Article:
I saw a few of my industry friends on Twitter debating this issue Tuesday night, and I understood their points about Maddow playing the TV game to help her numbers. A few folks mentioned that she did her job to get people to tune in. Others commented that she created conversation about the show and was trending on Twitter because of her approach in making the audience wait.

There’s some truth in those commentaries, except there’s one critical point missing – she was already going to have a big ratings night because of the claim of having exclusive information on the President.

When you have the world’s attention, the way Maddow did on Tuesday night, you can’t afford to toy with the audience. Maddow chose to start her program with an extended twenty minute monologue, followed by a commercial break. She assumed that because she had information that nobody else did, that she could hold onto it for an extended period of time. But by operating that way, she not only pissed off the audience, but they were out for blood as soon as it was discovered that her evidence didn’t match up to the hype.

This is why people rejected ESPN for “The Decision”. It’s the same reason sports fans became upset with last year’s CBS Selection Sunday show. There are times when you play the quarter hour game, but not when you’re handed crucial information that the world is turning to you to learn about it.

When an opportunity of this magnitude lands on your plate, you have a simple job to do. Set up the story by providing insight on how you gained the information, and then provide the payoff. The sooner the audience gets it, the better, and the more satisfied they will be. You can add your analysis, post-monologue, guests, and other show elements afterwards.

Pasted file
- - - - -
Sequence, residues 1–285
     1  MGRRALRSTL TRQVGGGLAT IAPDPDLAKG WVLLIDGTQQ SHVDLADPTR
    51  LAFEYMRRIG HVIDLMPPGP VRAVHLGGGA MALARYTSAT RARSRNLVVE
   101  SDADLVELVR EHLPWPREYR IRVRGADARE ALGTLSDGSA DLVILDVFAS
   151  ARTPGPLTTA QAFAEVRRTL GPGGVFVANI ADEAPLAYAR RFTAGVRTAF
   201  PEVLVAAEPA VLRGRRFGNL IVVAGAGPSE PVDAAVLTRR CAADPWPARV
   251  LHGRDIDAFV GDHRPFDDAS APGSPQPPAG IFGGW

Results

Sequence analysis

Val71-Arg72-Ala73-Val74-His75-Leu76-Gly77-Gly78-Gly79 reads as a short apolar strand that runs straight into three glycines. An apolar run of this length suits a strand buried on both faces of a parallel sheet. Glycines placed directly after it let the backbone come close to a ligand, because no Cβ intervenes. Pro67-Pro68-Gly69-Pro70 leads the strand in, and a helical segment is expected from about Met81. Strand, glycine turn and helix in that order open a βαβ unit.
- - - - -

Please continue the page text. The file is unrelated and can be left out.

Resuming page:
Rachel Maddow’s biggest mistake on Tuesday night was that she thought more about her ratings, rather than the the people who actually provide those ratings spikes. When you execute that way, you lose every time. I’m sure MSNBC will see a boost in Maddow’s Tuesday night’s numbers. But that’s only one night. If the audience doesn’t return Wednesday, Thursday and beyond, then that tells you a huge opportunity was wasted.

Maddow can take solace in the fact that she was able to deliver her commentaries on Donald Trump to a large number of new viewers who might not have been familiar with her show or style. But turning those casual viewers into repeat customers was tossed out the window when she held on to the evidence too long, and then failed to produce material that would make the wait worthwhile.

On a normal night, she can execute a show that’s built for quarter hour viewing. The structure may involve a monologue in the first segment, a second topic or extension of the first topic in segment 2, and then a guest to offer analysis and opinion in the third segment. That plan makes sense most times.

But these situations follow a different set of rules, and require a different strategy.

If Barry Bonds agreed to come on your program and admit to the world that he used steroids, you wouldn’t wait 7 or 8 questions into the interview to ask him. If you did, the audience would turn on you. If you possessed a photograph proving that O.J. Simpson did in fact murder his ex-wife Nicole, you wouldn’t wait 20-30 minutes to show it, otherwise you’d earn the wrath of the audience.

In each of those examples, when you proclaim to have something exclusive, that will warrant the entire nation’s attention, it better be strong, and it better be delivered immediately. Rachel Maddow missed on both fronts.

Which is why the world is now talking about her failed performance, rather than the President’s taxes, something nobody could have believed was possible 48 hours ago. But when you ignore the audience’s demands for the betterment of your ratings, it carries lasting consequences. Rachel Maddow is now fully aware.